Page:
The 2013 recipient of the Bennett Award for Congregational Action on Human Justice and Social Action is Unitarian Universalists of Clearwater, FL.
Unitarian Universalists of Clearwater (UUC), FL have a legacy of social justice since the congregation’s founding in 1951. A leader in the civil rights movement and desegregation in Florida, the congregation advocated for justice and change throughout the 1950s, 1960s, and 1970s.
UUC was one of the earliest congregations to receive the Welcoming Congregation designation, and throughout the 1990s expanded their justice ministry to include the Partner Church Program, an interfaith response to local hunger and homelessness, and anti-racism workshops.
After Rev. Abhi Janamanchi was called as their minister in 1999, the congregation adopted a social justice council model with four foci: economic justice, environmental justice, human rights, and congregation-based community organizing with FAST (Faith and Action for Strength Together). The congregation also designated liaisons with the Unitarian Universalist Service Committee (UUSC) and Interweave. They used the Unitarian Universalist Association's (UUA’s) Social Justice Empowerment program to organize and strengthen their social justice ministry.
Today UUC has an active, diverse, and dynamic justice ministry. For more than thirteen years, the congregation has had a vibrant partnership with the Coalition of Immokalee Workers (CIW), since the group’s inception. Their partnership has evolved from supporting CIW boycotts to organizing more broadly for compassionate immigration reform on the state and federal level. Through the congregation’s connection with CIW, UUC became involved in a successful effort to stop Arizona-like copycat legislation in Florida, with Rev. Janamanchi testifying against anti-immigrant laws proposed for the county.
Since 2002, UUC has advocated in support of LGBTQ (Lesbian, Gay, Bisexual, Transgender, Queeer) individuals including supporting the transgender city manager of Largo, FL who was unfairly fired for her identity. The congregation has been actively supporting freedom to marry and rallied to defeat the 2012 amendment to outlaw same-sex marriage. UUC has embraced Standing on the Side of Love campaign and participates in 30 Days of Love annually.
Environmental justice has been another priority for UUC for more than ten years, and in 2012 the congregation became a certified Green Sanctuary congregation. Conscientious of their footprint, the congregation revised policies on recycling, water conversation, energy use, ethical eating and support of the Fair Trade Coffee Program in 2009. UUC hosted the International Association of Religious Freedom’s annual conference in 2010 which had an environmental justice focus. Most recently, the congregation has planted a permaculture vegetable garden that has doubled in size in the last two years.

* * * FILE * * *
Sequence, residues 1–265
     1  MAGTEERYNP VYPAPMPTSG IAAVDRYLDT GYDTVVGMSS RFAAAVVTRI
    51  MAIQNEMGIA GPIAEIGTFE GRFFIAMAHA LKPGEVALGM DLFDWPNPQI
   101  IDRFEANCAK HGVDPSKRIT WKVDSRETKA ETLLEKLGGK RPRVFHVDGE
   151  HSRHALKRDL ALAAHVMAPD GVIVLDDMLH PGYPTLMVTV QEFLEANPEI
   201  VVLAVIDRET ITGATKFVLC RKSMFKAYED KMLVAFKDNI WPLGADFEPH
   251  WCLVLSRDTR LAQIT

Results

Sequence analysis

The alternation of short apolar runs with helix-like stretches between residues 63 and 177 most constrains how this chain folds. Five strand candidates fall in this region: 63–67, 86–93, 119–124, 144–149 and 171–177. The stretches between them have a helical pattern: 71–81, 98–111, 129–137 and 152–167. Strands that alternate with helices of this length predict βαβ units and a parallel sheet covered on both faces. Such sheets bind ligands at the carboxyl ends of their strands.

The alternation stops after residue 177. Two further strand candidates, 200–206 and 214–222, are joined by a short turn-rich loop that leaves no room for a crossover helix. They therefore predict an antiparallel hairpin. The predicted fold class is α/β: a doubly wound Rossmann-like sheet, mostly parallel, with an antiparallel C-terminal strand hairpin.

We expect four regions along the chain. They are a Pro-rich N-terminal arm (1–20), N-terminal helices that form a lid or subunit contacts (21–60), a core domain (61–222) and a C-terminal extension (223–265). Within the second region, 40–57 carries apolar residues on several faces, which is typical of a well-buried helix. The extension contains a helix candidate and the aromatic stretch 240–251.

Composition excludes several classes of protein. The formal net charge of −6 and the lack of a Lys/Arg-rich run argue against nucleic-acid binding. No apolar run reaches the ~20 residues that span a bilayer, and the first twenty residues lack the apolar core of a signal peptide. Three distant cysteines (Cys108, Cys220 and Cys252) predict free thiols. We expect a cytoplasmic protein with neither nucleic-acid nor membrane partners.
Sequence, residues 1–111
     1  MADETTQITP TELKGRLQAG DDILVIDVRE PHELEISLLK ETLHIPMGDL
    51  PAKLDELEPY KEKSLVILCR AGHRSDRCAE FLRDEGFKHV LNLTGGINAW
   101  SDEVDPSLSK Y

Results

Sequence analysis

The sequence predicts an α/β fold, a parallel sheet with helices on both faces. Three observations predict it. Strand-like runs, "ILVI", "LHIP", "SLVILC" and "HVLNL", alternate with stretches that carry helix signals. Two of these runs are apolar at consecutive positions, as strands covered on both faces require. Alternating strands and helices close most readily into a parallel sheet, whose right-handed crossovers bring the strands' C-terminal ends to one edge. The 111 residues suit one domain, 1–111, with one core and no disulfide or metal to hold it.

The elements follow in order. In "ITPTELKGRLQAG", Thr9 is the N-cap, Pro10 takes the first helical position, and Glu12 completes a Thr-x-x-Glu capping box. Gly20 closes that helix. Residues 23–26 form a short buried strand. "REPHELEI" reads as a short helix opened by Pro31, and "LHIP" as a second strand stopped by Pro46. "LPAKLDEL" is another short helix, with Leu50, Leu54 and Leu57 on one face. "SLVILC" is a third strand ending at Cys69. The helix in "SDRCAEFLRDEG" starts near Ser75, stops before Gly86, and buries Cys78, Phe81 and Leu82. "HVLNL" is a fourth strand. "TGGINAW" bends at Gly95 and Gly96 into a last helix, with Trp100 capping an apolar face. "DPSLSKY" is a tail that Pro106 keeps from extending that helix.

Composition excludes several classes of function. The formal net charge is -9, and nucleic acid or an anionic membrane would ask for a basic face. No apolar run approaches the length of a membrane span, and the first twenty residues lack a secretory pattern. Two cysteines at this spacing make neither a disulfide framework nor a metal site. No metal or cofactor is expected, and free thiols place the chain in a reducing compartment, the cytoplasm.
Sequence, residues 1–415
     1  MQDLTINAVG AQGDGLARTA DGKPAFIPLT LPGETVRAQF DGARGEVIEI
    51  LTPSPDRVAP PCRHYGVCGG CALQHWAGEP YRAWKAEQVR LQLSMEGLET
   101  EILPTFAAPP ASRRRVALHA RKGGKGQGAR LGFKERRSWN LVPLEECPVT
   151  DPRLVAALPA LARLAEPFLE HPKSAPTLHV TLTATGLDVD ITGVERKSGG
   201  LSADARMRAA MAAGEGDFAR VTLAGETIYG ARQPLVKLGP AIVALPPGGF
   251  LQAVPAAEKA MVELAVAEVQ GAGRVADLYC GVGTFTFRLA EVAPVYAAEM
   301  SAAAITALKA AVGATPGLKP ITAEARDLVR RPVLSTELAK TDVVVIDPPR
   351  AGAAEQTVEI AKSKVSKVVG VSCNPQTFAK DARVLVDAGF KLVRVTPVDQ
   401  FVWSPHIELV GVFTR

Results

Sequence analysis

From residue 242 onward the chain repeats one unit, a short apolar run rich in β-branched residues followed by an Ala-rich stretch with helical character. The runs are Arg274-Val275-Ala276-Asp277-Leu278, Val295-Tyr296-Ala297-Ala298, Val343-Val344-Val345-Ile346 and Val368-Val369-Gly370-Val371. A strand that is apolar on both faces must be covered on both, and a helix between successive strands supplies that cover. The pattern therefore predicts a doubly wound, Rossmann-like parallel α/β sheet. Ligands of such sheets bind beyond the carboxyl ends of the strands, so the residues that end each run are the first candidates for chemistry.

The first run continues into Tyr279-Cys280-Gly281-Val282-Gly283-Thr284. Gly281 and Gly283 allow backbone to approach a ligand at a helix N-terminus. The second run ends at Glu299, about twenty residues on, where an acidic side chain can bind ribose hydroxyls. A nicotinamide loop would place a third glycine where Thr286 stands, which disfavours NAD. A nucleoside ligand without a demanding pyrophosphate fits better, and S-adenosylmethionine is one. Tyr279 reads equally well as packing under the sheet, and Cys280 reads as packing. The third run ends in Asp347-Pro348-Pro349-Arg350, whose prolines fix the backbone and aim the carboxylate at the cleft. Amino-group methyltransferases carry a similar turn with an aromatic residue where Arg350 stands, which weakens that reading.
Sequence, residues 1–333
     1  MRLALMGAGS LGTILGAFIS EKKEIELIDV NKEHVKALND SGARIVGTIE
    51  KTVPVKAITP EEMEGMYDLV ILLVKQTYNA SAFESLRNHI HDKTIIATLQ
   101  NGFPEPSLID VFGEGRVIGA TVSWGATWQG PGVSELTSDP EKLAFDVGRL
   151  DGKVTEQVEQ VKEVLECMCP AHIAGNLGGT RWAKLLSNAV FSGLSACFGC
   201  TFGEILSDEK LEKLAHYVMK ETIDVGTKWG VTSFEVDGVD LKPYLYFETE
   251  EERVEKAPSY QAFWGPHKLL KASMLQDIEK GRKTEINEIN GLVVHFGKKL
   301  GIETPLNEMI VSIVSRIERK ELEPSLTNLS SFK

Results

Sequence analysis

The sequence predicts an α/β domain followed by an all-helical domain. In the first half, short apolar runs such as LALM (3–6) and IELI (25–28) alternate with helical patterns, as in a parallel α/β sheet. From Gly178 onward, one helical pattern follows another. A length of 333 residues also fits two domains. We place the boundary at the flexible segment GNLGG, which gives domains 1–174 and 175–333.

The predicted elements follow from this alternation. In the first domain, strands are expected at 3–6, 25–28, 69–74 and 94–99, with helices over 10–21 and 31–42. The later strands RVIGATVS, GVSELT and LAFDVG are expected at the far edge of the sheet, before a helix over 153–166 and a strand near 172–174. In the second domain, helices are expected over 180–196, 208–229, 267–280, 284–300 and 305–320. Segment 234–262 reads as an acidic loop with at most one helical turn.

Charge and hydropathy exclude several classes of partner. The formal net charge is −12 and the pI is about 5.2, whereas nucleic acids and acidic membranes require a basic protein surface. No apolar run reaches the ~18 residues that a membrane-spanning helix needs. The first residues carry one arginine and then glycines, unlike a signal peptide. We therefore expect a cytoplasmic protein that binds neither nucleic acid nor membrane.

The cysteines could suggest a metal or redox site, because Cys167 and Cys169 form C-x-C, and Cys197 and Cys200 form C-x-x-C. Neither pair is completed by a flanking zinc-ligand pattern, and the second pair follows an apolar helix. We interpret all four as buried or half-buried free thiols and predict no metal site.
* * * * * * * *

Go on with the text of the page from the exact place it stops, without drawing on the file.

Additionally, the congregation has nurtured strong interfaith ties in the community. Rev. Janamanchi was instrumental in organizing the Tampa Bay Interfaith Coalition, which has held series of programs to promote interfaith understanding and cooperation as well as interfaith services for a variety of holidays and vigils in response to disasters and tragedies, ranging from September 11, Hurricane Katrina, the Wisconsin Sikh gurudwara shooting, and the Newtown shootings. UUC also organized voter education and registration events in 2012, and provided educational opportunities on Florida constitutional amendments.
As part of a conscious effort to honor social justice ministry as a spiritual practice, the congregation has a monthly ‘social justice testimonial’ during their Sunday service. Its purpose is to inform the congregation about their social justice ministry and how they are living out their values as a faith community. The report is videotaped and posted on the congregation’s website as well. Highlights from 2011-2012 include the multigenerational holiday project that purchased presents for 130 children whose lives have been impacted by AIDS, participation in Occupy Tampa’s interfaith services, joining the NAACP for the Martin Luther King, Jr. Day march, supporting immigrant farmworkers with a rice-and-beans collection, a rally and march for jobs, ongoing sale of Fair Trade products, and preparing to host a Green Fair in April. By sharing the justice ministry report during Sunday worship, the congregation remains connected with the important ministry they are engaging with in their community.